Netflix spinoff Roku has been doing quite well as of late. Roku has sold over 500,000 of their streaming boxes, which steam content from the likes of Netflix, Pandora, TwiT.tv, and Revision3. With revenue doubling last year to $75 million, Roku is looking to expand, and may be planning an IPO.
If Roku is able to raise the expected $30 million, their next step could be to kill your cable. Roku is currently recruiting content providers to create channels. They hope to be able to offer 100 channels of on-demand programming this year. “We’re not far away from the time when you’ll be able to get the same kinds of channels that any cable operator can offer,” said Roku CEO Anthony Wood.
Would this sort of service get you to drop your cable?
Basically, Amazon has linked its sale of DVDs/Blu-rays with its Video On Demand service. In it you can buy for viewing, either streaming or using the PC-only Unbox Video Player, loads of movies and TV shows. (Like you can on iTunes or Netflix or iReel or Hulu or Blockbuster or...) When you purchase a select movie on DVD or Blu-ray, a standard definition version of the movie is added to your Video On Demand library. (A quick search of Amazon shows 313 titles fall under the term “select”, including The National Parks: America’s Best Idea on Blu-ray--so what are you waiting for?)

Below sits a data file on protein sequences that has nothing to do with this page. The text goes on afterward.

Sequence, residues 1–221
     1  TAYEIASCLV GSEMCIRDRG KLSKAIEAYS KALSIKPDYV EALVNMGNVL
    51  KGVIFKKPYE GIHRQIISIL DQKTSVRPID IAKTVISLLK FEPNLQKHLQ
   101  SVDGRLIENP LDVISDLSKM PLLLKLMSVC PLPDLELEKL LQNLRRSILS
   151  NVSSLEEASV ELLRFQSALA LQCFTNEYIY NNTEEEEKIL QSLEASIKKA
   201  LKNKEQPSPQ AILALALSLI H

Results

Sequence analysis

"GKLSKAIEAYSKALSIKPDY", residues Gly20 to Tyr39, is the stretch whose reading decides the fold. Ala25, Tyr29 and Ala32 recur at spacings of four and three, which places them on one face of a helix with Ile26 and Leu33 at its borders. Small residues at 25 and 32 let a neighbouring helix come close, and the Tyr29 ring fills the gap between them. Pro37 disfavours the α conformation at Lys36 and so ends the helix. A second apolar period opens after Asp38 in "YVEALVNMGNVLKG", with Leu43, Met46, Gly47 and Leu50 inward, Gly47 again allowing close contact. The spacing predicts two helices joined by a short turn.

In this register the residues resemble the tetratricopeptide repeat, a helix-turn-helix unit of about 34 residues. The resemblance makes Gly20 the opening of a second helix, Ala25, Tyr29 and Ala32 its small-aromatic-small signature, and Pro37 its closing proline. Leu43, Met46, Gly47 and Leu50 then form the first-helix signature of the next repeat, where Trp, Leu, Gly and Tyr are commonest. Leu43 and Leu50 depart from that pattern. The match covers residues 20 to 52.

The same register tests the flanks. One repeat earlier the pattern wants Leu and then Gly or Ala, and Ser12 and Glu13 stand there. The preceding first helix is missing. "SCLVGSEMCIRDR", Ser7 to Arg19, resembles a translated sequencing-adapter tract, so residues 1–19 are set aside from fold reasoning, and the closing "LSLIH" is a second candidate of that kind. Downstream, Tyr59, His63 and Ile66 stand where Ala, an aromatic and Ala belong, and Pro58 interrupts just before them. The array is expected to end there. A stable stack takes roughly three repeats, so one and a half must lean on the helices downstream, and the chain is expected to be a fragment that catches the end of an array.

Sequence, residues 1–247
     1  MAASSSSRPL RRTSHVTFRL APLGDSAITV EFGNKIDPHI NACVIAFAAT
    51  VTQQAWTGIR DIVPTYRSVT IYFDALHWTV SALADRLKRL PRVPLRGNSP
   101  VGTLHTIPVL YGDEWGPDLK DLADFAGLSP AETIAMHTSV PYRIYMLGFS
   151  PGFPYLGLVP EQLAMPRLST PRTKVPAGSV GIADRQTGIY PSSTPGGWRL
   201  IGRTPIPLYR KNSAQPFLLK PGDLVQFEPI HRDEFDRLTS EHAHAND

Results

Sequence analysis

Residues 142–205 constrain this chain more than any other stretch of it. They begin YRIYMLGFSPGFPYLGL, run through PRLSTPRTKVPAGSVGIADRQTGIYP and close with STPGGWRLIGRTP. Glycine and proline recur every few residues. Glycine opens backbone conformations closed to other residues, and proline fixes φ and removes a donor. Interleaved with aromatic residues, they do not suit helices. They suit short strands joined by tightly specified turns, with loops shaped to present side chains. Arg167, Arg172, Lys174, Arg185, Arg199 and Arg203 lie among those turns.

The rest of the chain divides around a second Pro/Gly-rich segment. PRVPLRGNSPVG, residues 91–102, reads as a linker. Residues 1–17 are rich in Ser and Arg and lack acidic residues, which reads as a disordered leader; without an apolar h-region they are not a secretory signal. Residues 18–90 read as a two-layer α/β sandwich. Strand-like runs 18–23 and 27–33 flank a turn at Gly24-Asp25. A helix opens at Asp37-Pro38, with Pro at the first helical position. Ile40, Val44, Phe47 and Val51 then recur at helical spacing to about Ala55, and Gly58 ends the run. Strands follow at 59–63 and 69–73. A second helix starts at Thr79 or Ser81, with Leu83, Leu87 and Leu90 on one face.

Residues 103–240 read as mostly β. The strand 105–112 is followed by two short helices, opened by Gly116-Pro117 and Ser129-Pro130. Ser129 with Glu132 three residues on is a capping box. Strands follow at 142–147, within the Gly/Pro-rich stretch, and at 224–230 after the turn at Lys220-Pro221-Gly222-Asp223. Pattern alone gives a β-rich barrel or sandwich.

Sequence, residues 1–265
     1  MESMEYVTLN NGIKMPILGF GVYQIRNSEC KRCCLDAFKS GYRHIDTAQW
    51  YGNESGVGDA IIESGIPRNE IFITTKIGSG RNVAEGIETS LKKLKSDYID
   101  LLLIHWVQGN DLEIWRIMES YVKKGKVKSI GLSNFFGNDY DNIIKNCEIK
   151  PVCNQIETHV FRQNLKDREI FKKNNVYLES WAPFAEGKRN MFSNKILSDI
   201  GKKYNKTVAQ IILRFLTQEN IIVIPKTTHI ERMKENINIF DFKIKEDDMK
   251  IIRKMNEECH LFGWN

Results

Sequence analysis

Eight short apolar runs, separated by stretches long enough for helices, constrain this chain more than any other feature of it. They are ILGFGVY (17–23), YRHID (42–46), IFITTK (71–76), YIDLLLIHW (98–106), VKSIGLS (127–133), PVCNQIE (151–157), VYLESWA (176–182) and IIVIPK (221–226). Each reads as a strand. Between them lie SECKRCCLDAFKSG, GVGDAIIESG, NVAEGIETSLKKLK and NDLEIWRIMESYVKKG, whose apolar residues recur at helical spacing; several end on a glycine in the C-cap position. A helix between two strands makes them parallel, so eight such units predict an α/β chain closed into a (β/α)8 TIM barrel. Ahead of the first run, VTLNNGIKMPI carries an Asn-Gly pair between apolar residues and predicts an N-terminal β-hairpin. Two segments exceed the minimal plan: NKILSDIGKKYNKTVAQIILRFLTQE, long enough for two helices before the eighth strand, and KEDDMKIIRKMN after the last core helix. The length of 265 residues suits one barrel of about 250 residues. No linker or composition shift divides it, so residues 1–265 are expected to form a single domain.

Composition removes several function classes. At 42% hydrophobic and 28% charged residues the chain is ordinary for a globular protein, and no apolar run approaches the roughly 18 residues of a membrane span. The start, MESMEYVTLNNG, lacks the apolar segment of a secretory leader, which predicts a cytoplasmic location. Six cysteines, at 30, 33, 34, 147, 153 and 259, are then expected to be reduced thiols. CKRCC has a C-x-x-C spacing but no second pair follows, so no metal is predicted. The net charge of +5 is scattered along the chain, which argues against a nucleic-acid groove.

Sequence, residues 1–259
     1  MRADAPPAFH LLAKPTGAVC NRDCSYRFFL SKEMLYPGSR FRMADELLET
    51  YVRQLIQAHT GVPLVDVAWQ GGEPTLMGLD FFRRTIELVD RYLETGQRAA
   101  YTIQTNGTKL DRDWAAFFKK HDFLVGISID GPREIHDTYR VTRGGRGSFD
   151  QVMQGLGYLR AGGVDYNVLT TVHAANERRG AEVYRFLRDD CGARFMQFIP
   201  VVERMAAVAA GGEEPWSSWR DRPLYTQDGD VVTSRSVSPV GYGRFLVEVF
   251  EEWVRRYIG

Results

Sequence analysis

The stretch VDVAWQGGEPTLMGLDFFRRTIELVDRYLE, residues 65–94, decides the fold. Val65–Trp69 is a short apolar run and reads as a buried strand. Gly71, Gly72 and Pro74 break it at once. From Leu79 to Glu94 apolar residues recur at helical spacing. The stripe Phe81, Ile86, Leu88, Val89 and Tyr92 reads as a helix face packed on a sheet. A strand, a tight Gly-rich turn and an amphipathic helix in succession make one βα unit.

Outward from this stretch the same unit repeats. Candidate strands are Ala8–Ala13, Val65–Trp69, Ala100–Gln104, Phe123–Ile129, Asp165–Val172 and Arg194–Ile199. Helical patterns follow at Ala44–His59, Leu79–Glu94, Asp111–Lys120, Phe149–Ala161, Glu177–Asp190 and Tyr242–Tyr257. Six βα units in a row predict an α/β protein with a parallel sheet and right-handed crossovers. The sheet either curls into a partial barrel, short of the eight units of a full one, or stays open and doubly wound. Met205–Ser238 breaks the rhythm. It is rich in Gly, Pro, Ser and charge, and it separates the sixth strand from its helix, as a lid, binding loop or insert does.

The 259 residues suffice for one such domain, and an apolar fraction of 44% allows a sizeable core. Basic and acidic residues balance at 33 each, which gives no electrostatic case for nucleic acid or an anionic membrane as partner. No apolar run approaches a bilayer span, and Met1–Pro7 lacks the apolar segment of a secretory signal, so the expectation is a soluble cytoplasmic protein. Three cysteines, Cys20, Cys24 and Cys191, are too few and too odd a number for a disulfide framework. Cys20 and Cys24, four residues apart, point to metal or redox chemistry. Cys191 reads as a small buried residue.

Amazon’s motivation for the promotion, which is being offered for a limited time, is unclear. Janko Roettgers, of NewTeeVee, speculates it’s an attempt to boost sagging sales of physical media. The preference for digital or streaming versions of movies appears to be cutting into profit margins. Adding a digital version could just be the incentive needed to get physical media sales back on track.
And it might also be that having a digital copy simplifies matters for people viewing ‘on the go,’ which is increasing in popularity. Engadget, for example, reports that about 10% to 12% of movies bought with a digital copy have that digital copy activated. (The figure was 20% for purchasers of The Dark Knight.) In this vein let’s not forget the increasing popularity of home streaming media networks. Could be that people are tiring of being tied down to a TV and a DVD player. Amazon might just be testing these waters.
Boxee unveiled their new UI today, and it’s quite the departure. The entire front page has been redesigned, looking much more sophisticated and packing new functionality. The front page now focuses on the personal queue, featured content, and recommendations. The new menu system allows for local files to be integrated with streaming content (both free and payed). There will also be three new apps: The Escapist, Suicide Girls, and TV Guide to the Web Clicker.